“Social media is a power to police. They should use it to communicate with people,” said our Home Minister Rajnath Singh at a recent event. Little did Singh know that Mumbai Police isn’t only leveraging social media, but setting an example with chuckle-some, power packed content.
Mumbai Police’s Twitter rendezvous dealing with social evils through 140 characters epigrammatic messages drove cyber policing north in a matter of days. It isn’t about mere language or constructive hashtags; brand like approach towards advocating awareness was what clicked.
Handled by Trivone Digital, Mumbai Police’s Twitter feed proffers an array of content. In addition, to quirky awareness tweets are announcements, CRM in the form of helping citizens in crisis, and engagement through Twitter chats (and hopefully more such initiatives in the future).
“Mumbai Police came on social media platform to listen to the mumbaikars and spread awareness regarding issues that matter the most. Analysis and study of the platform was conducted for few months and then we finally decided to launch it. As we noticed the reach of our pun-oriented tweets was more, which was the motive, we continued with the same. We spend time together to plan and finalise both campaign and its content,” Deven Bharti, Joint CP, Law & Order.
The current plight of India Police Services on social media is a much-evolved face of administration strategically taking up to the rather new medium for cracking crimes. The journey however, commenced with functional strengths of the social networks that is leveraging its reach to nab ill-doers.
Functional to strategic
The early part of the decade witnessed traffic police units making their way to Facebook for updates and assistance. One of the first few units to crack the Facebook code were – Delhi, Bangalore, and Hyderabad Traffic Police. The core idea was to leverage the reach to spread information loud and clear.
In 2012, Delhi Traffic Police managed to 22,000 traffic offenders through its Facebook page.
Progression exhibited by these pages however, is high – content is much crisper, accurate and responsive.
The announcements soon transformed into engaging with the community for better purposes including spotting missing persons and tracking criminals’ IP addresses basis their logins. This further progressed into a much systematic approach of social media for battling crime.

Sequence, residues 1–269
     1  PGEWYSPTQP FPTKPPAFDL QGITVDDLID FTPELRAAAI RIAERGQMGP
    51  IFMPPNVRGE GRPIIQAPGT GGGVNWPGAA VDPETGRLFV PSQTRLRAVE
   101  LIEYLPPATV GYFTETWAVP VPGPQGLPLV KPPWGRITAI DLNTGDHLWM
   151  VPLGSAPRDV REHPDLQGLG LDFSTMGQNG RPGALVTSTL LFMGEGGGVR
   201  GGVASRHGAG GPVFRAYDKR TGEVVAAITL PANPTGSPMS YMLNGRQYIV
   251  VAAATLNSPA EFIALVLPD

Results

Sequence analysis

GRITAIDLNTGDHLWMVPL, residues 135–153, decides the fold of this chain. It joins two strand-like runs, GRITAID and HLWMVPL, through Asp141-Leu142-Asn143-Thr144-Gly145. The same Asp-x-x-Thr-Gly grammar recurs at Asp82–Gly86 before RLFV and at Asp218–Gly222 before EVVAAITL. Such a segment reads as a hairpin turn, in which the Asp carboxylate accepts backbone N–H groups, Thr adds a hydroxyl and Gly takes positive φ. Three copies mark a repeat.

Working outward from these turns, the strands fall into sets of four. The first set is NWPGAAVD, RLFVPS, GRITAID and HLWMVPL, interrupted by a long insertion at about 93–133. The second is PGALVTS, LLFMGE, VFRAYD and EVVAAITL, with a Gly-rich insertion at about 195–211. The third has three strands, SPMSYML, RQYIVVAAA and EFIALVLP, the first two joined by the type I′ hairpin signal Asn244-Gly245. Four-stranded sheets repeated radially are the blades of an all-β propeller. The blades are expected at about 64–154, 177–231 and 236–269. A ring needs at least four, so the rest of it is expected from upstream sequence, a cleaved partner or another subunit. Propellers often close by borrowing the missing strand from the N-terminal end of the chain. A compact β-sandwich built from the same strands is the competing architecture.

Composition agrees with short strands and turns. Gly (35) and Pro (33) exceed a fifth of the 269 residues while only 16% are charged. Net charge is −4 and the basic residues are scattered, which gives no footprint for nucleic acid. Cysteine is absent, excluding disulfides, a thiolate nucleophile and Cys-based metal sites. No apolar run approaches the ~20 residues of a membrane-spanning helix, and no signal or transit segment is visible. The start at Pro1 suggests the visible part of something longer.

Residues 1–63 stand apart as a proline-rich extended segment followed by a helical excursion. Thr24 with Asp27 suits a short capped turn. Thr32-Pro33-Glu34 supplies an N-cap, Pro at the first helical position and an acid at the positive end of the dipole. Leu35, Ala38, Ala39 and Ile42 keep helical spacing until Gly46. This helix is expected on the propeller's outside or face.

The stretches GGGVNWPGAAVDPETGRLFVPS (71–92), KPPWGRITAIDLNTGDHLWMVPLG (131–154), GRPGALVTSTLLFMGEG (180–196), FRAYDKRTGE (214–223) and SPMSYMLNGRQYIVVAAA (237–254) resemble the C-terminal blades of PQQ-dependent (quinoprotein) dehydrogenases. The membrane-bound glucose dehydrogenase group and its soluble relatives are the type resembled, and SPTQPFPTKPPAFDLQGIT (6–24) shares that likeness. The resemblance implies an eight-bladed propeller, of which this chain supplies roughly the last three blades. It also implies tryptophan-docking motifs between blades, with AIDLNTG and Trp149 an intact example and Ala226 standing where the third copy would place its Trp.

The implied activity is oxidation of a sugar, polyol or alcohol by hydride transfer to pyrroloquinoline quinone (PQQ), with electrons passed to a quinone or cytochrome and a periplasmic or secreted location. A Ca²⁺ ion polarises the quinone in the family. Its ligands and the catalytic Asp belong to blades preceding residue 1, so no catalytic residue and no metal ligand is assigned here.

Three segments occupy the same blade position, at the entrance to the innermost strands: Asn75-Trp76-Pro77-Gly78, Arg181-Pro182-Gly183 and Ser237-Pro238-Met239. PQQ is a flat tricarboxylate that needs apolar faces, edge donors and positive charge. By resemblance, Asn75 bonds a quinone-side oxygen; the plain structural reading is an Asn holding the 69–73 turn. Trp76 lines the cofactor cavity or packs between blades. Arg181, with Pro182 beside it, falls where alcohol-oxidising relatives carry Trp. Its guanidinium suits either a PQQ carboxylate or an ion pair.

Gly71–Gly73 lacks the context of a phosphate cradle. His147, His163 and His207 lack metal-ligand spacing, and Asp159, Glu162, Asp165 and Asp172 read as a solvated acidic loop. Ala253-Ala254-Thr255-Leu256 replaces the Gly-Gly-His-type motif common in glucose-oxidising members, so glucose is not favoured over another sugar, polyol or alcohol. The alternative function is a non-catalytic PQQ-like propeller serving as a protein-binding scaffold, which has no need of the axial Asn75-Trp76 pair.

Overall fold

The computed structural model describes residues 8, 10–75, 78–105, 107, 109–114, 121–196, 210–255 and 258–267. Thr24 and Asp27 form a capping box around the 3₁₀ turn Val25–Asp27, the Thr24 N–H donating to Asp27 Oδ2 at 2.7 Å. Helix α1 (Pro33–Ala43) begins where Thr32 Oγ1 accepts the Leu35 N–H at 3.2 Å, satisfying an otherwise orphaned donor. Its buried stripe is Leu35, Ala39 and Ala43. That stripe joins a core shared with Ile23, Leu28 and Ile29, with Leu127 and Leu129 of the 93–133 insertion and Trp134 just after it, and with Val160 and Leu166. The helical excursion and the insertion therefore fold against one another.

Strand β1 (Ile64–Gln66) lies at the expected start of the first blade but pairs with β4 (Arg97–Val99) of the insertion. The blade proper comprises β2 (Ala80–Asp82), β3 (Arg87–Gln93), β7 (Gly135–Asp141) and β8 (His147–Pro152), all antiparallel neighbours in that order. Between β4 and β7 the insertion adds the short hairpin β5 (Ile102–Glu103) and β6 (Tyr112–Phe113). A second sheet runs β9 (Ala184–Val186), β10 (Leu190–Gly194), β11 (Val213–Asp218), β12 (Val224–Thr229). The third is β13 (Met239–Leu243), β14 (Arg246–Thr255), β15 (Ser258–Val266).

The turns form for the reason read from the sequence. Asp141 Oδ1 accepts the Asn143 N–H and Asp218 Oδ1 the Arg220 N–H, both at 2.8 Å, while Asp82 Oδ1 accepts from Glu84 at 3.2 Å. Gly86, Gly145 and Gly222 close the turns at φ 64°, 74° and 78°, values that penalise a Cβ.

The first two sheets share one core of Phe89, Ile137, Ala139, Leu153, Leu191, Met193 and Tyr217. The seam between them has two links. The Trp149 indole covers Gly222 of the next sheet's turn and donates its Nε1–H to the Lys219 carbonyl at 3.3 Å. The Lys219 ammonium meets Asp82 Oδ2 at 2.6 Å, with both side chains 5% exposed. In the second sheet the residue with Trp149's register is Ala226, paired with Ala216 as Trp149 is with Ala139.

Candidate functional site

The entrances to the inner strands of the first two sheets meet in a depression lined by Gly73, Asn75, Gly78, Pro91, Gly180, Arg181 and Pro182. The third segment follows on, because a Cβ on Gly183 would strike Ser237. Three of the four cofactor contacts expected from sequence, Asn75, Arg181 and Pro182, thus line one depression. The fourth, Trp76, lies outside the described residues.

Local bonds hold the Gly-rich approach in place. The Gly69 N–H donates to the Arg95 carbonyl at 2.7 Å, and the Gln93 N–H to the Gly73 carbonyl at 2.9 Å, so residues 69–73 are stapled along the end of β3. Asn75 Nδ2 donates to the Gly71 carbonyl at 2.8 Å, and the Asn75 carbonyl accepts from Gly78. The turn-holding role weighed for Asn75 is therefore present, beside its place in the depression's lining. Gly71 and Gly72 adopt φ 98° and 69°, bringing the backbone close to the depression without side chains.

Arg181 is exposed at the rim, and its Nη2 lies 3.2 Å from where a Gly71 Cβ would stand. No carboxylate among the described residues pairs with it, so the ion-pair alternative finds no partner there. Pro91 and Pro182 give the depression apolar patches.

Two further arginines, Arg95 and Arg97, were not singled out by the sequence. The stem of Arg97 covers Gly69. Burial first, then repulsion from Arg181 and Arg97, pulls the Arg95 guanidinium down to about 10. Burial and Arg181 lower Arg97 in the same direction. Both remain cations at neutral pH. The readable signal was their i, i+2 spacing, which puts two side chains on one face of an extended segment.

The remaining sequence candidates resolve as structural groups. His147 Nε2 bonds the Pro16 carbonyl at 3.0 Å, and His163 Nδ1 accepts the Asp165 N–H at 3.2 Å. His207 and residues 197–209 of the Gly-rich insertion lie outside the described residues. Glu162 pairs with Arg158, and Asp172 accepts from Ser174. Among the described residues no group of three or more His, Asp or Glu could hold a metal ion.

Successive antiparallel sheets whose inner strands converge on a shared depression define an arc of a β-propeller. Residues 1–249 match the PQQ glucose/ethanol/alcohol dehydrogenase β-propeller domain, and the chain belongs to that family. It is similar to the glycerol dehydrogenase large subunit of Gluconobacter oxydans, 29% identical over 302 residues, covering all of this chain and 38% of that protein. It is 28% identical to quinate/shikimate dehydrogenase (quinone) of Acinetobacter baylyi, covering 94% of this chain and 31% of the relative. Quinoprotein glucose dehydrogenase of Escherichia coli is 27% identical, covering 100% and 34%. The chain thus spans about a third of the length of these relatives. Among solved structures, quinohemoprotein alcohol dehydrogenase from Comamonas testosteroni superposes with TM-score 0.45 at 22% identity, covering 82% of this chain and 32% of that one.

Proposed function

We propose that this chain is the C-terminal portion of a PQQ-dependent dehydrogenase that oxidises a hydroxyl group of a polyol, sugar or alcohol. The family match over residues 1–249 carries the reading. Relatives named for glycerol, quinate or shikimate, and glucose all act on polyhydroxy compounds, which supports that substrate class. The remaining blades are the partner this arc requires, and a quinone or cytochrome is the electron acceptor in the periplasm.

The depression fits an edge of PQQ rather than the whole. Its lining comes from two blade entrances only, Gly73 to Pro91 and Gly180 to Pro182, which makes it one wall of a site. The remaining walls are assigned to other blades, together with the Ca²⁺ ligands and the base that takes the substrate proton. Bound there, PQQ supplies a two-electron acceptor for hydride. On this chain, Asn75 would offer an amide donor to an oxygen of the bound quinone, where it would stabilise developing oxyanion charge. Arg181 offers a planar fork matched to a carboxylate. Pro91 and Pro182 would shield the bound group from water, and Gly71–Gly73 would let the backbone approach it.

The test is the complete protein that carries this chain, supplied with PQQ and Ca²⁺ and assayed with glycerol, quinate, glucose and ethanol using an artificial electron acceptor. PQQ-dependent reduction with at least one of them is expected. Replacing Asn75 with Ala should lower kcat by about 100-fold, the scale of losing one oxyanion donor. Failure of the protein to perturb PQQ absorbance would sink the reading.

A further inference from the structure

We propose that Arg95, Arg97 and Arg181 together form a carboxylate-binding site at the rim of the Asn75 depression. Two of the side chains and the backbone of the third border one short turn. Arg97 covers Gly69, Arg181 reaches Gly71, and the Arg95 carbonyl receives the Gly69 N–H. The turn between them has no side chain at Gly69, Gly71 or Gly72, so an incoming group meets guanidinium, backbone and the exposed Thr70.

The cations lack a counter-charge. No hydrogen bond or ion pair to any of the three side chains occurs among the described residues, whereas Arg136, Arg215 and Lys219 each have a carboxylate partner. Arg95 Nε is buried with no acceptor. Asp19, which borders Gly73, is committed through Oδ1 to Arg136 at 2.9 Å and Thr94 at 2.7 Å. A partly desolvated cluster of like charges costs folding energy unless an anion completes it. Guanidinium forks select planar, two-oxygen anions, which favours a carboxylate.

The Policing CRM
Mumbai Police, in 2013 established a Social Media Lab in association with Reliance Foundation and NASSCOM. 20 trained police official were to keep a tab what’s going around the city by tracking content on social media. These police officers worked in shifts and look for leads.
It was during this time when Police departments from around the country used social media to track misdoings. Drug deals, women trafficking, and eve teasing case were busted through tip offs from social media.
In August 2015 Bangalore Police Department established a 24*7 WhatsApp, empowering users to lodge a complaint immediately. The idea was to make citizens feel safe while aborting the need of them going to the police station or having to deal with corrupt officials.
CRM of sorts was also seen on Railway Minister Suresh Prabhu’s path, when he helped an agonised lady passenger who was being bullied in an express train and shared her plight on Twitter.
During the Nepal Earthquake, Sushma Swaraj too left no Tweet unanswered extending a helping hand to every citizen distressed out there.
With the arrival of 2016, Mumbai Police set an all new high by getting into moment marketing. Not only did their Twitter handle crack the Gen Y language code, but was also seen producing memes to attract the right TG.
Giving their followers a better understanding, Mumbai Police further organised a Twitter chat with Police Commissioner of the city.
“Twitter is a medium which allows one to express thoughts in an interesting manner and we design our strategy plus content keeping this simple fact in mind. People should be able to relate to it in order to remember it & share it, and that is our aim. We are fortunate that senior officials from the department support our ideas and that makes all the difference,” shared Amyn Ghadiali, Head – Strategy & Social Media, Trivone Digital.
Creating a social media nexus for agile administration changed (and can further change) the face of security issues in India. The authorities however, will be able to harbour the medium’s true strength when these facilities are further marketed thus offering a safety tool to rather paranoid tourists and daily commuters.
“Having closely worked with the Mumbai Police as a crime journalist for almost 6 years, an understanding of how they work and what the city thinks of them, helped in planning the campaigns. These rough and tough cops, especially the CP, displayed outstanding sense of humour and it reflects on the account,” expressed Sunchika Pandey, who initiated the project and is currently a consultant.
Presently, these social media aides are popular only amongst veteran social media users. A mechanism that not only informs but connects the offline citizen to this safety network can make a lot of difference.